Interest in nanomaterials, especially metal oxides, in the fight against resistant and constantly changing bacterial strains, is more and more expressed. Their very high reactivity, resulting from their large surface area, promoted them to the rank of potential successors of antibiotics.
Our work consisted of the synthesis of zinc oxide (ZnO) and copper oxide (CuO) in the nanoparticle state and the study of their bactericidal effect on various Gram-negative and Gram-positive bacterial strains.
The nanoparticles of metal oxides have been synthesized by sol-gel method. Qualitative analysis and characterization by UV / Visible and infrared spectrophotometry and X-ray diffraction confirmed that the synthetic products are crystalline. The application of the Scherrer equation allows to determine the size of the two metal oxides, namely: 76.94 nm for ZnO and 24.86 nm for CuO.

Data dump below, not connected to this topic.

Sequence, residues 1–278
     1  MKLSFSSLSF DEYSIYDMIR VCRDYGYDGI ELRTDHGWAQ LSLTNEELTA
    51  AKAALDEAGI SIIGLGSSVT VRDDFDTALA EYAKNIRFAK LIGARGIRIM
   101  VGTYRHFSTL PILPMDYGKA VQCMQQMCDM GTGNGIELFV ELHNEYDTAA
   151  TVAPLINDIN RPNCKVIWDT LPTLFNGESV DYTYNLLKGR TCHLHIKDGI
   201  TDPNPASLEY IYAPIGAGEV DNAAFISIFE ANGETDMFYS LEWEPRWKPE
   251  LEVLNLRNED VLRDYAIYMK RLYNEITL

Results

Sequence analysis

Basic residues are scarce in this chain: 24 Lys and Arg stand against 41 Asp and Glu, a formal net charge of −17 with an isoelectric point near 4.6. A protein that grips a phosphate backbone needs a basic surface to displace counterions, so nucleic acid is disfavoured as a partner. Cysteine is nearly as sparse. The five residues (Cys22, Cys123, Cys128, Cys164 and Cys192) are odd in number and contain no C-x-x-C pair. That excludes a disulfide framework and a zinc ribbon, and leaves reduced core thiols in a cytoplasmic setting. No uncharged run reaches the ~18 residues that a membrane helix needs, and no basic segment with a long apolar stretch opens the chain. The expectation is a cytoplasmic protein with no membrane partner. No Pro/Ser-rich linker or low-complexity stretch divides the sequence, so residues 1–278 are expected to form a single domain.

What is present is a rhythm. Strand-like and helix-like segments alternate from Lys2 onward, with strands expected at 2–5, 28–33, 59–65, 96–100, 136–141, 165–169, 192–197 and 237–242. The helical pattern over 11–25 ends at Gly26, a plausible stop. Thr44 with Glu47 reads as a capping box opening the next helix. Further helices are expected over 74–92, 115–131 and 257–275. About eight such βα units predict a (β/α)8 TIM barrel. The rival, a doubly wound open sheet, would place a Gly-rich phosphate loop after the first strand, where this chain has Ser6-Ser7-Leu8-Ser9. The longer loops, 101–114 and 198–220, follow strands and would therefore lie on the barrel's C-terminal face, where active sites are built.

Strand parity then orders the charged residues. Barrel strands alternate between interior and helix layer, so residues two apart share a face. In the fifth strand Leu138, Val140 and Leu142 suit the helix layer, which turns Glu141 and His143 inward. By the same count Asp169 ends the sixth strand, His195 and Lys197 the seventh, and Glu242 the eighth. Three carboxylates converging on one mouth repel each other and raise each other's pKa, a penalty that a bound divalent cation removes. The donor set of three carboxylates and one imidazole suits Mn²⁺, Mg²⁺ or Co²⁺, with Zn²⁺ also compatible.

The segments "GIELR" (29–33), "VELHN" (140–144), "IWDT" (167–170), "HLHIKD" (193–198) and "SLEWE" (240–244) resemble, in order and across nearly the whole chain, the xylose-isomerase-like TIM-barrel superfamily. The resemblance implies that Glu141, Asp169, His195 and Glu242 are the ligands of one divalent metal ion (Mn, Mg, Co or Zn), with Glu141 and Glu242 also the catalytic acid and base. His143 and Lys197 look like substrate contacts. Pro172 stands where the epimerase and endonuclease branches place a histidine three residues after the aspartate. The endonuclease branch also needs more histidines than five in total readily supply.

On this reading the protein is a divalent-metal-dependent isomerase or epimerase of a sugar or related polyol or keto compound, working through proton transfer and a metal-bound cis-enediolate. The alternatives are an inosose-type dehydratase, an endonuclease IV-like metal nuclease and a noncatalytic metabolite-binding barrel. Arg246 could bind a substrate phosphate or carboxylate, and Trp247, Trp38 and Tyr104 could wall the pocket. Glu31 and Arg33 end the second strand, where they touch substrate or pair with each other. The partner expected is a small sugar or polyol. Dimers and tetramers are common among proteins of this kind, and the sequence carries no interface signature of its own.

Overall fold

The bactericidal effect of ZnO and CuO nanoparticles was tested on Gram-positive bacteria (Staphylococcus aureus, Staphylococcus hominis, Staphylococcus haemolyticus, Enterococcus facials) and Gram-negative bacteria (Escherichia coli, Schigella, Klepsiella pneumoniae and Pseudomonas aeruginosa). The results indicate that the tested metal oxides nanoparticles have an effect that varies depending on bacterial species. Indeed, Gram-positive bacteria show greater sensitivity to ZnO nanoparticles whereas Gram-negative bacteria are more sensitive to CuO nanoparticles.
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